January is being recognized as Human Trafficking Awareness Month. It’s one of the fastest growing crimes in the country. The Mississippi Department of Transportation, or MDOT, is working with other agencies to spread awareness and combat the problem.
MDOT’s enforcement officers play a critical role in putting the brakes on trafficking and saving victims.
“Mississippi is on the very verge of having a large problem with human trafficking,” says Willie Huff, MDOT’s Chief Enforcement director.
Human trafficking is described as a form of modern-day slavery, where traffickers profit from the control and exploitation of others. Traffickers use different types of force, fraud or coercion to control victims for sex acts or labor services against their will.
“The news media statewide has covered human trafficking arrests by other agencies, prostitution arrests, pimps, that’s all human trafficking,” says Huff.
MDOT officials want to make sure their enforcement officers are well trained to recognize tell-tale signs that someone is being victimized.
Traffickers rely on roadways as their main means of transport. By using commercial vehicles, such as 18 wheelers, traffickers can quickly move victims from one location to another without getting caught.
“If you don’t know what to look for you’ll look over it,” says Huff. “If an individual is being shy or if an individual is being overprotective or over possessive of another individual, it might be something to make note of.”
MDOT is partnering with other state and local agencies.to help train employees and bring awareness to human trafficking.
Truck drivers also play a critical role in putting a stop to the growing problem.
“Who knows where they’re going but they’re definitely getting in these trucks,” says Jason Brigance. He has been a Mid-South truck driver for 13 years.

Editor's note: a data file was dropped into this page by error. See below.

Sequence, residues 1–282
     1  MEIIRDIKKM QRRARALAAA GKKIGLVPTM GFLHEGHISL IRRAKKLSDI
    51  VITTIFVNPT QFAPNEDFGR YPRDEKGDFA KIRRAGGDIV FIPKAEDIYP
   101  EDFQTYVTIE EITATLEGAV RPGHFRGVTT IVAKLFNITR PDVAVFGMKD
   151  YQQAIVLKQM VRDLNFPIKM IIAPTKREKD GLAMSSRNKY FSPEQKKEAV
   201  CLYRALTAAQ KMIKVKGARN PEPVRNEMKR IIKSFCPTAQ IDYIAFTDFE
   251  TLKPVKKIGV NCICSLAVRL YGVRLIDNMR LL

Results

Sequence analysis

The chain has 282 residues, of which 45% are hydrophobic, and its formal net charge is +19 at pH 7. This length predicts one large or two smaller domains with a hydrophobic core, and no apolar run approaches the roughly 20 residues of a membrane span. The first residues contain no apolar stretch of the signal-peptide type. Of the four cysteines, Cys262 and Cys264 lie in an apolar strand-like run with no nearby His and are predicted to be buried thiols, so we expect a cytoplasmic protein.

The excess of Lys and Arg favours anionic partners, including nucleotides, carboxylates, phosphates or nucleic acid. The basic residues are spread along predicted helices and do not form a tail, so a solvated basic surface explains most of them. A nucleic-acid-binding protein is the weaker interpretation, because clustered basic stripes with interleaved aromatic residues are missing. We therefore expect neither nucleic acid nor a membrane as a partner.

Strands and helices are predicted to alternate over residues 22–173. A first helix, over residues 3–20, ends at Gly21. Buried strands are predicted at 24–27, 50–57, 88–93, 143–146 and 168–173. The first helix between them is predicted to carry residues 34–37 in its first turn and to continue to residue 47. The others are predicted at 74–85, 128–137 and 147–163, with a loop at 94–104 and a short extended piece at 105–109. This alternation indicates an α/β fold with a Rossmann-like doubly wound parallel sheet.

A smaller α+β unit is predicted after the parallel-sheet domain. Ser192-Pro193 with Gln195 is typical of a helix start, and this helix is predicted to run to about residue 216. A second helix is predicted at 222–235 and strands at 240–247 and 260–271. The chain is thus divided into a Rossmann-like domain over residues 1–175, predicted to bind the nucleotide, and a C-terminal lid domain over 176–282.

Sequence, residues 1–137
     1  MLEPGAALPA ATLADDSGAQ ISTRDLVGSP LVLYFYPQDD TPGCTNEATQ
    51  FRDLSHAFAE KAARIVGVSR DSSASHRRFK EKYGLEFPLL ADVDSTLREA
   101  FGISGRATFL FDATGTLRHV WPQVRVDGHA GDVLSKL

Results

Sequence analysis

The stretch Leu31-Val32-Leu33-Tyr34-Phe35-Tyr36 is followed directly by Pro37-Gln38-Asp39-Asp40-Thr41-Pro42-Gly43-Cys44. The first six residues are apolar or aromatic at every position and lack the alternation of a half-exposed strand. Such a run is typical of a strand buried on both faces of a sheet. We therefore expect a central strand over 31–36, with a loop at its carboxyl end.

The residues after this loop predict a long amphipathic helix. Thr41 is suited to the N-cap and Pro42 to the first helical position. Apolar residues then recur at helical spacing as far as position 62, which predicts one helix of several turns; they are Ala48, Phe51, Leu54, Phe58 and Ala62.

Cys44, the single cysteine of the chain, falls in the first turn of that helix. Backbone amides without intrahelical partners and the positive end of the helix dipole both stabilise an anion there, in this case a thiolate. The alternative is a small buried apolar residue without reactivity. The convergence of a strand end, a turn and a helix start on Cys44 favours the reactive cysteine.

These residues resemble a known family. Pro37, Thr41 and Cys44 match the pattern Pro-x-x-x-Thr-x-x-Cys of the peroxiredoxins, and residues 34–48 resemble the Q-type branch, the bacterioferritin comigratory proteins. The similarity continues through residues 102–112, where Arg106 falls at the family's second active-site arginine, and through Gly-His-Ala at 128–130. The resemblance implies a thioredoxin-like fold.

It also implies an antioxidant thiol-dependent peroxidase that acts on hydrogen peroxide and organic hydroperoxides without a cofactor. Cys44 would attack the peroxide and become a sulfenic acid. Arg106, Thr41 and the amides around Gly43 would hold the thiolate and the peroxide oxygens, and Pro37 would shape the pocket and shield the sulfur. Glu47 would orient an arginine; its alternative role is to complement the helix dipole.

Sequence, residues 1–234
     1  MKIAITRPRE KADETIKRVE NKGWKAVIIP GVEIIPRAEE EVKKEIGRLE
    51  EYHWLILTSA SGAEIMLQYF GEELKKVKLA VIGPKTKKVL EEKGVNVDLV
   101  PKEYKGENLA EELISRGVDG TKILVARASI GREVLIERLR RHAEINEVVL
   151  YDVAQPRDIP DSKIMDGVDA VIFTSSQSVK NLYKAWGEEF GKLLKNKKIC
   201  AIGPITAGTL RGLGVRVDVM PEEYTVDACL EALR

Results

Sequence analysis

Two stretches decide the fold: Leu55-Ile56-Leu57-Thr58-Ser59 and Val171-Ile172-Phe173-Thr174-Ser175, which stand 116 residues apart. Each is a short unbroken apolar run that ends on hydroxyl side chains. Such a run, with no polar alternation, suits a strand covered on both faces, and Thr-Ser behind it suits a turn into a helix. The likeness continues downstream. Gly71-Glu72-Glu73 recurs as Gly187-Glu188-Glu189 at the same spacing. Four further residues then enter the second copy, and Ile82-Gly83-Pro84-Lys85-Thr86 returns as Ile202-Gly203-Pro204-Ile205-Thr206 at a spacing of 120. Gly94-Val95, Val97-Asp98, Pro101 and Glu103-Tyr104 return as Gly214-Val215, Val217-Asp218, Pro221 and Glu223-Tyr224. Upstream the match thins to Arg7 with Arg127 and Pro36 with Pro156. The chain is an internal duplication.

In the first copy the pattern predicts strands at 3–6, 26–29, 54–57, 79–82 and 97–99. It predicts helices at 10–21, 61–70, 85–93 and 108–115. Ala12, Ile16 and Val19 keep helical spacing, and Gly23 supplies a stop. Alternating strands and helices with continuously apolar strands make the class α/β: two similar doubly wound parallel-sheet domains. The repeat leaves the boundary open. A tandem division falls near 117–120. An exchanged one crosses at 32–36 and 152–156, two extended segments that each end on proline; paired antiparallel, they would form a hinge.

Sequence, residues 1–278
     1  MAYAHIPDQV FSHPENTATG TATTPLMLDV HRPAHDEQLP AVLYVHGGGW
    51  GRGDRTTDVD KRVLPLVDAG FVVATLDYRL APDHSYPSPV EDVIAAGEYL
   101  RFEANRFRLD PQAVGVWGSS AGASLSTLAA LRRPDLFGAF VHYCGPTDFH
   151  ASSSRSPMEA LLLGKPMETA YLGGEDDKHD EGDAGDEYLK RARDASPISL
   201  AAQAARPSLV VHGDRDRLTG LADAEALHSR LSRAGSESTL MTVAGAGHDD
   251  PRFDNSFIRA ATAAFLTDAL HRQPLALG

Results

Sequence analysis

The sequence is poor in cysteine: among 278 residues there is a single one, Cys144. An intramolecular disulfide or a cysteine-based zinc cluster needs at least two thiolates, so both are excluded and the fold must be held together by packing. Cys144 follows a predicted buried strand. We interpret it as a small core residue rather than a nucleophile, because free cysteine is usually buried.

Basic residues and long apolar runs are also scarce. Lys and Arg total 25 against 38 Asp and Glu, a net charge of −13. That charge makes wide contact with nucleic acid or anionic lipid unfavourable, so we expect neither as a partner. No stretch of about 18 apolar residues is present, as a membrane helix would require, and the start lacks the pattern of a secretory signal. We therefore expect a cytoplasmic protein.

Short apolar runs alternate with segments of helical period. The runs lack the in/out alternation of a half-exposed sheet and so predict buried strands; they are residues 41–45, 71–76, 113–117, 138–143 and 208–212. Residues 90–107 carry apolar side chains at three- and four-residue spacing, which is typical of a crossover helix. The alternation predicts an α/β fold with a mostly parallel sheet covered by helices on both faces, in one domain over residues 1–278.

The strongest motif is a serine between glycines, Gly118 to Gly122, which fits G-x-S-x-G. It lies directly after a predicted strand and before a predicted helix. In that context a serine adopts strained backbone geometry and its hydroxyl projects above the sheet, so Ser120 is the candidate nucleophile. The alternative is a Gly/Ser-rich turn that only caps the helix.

“You could have somebody in that bunk and they could be drugged and you’d never know it there’s a curtain that goes across. It’d be very easy to traffic people in a truck,” says Brigance. “It’s a lot of that happens. Daily. And you see it a lot. Every day.”
Brigance says he reported suspicious activity when he was on the road in Florida. “I think it was more container theft than trafficking but you never know in container situations. They could very easily transport 50-60 people like its nothing.”
The Mississippi Trucking Association is working closely with Truckers Against Trafficking to make sure drivers are well trained, and know what to look for and how to report it.
“We have company training and they tell you to be on the lookout for certain things such as that. People getting in trucks that you think are kinda suspicious, maybe even in danger,” says Brigance.
The Mississippi Office of Homeland Security and the state Attorney General’s Office are also teaming up to fight human trafficking. They are providing a data collection platform, which should give law enforcement the first concrete numbers on cases in Mississippi.
The following comes from the Mississippi Highway Patrol.
MOHS assists the Governor’s Task Force on Human Trafficking, led by the MS Attorney General’s Office, to bring awareness and training to law enforcement as well as private entities such as the trucking industry. This Task Force is currently formulating a plan to help victims of trafficking in Mississippi.
Members of the MS Office of Homeland Security are taking part in the Region IV Human Trafficking Working Group which is creating a work plan within the Southeast to:
• Harness local/community based groups to increase awareness and information sharing.
• Connect vetted resources for use in local trainings and outreach efforts.
• Emphasize and develop capacity to respond to labor trafficking.
• Support national efforts to increase the availability of actionable data.
MOHS and MDOT have worked with the MS Trucker’s Association and Truckers Against Trafficking Coalition to deliver training on human trafficking across Mississippi. Further training is scheduled for May of this year.
The MS Office of Homeland Security works closely with the MS Attorney General’s Office, the MS Department of Transportation and other federal, state and local agencies to combat human trafficking.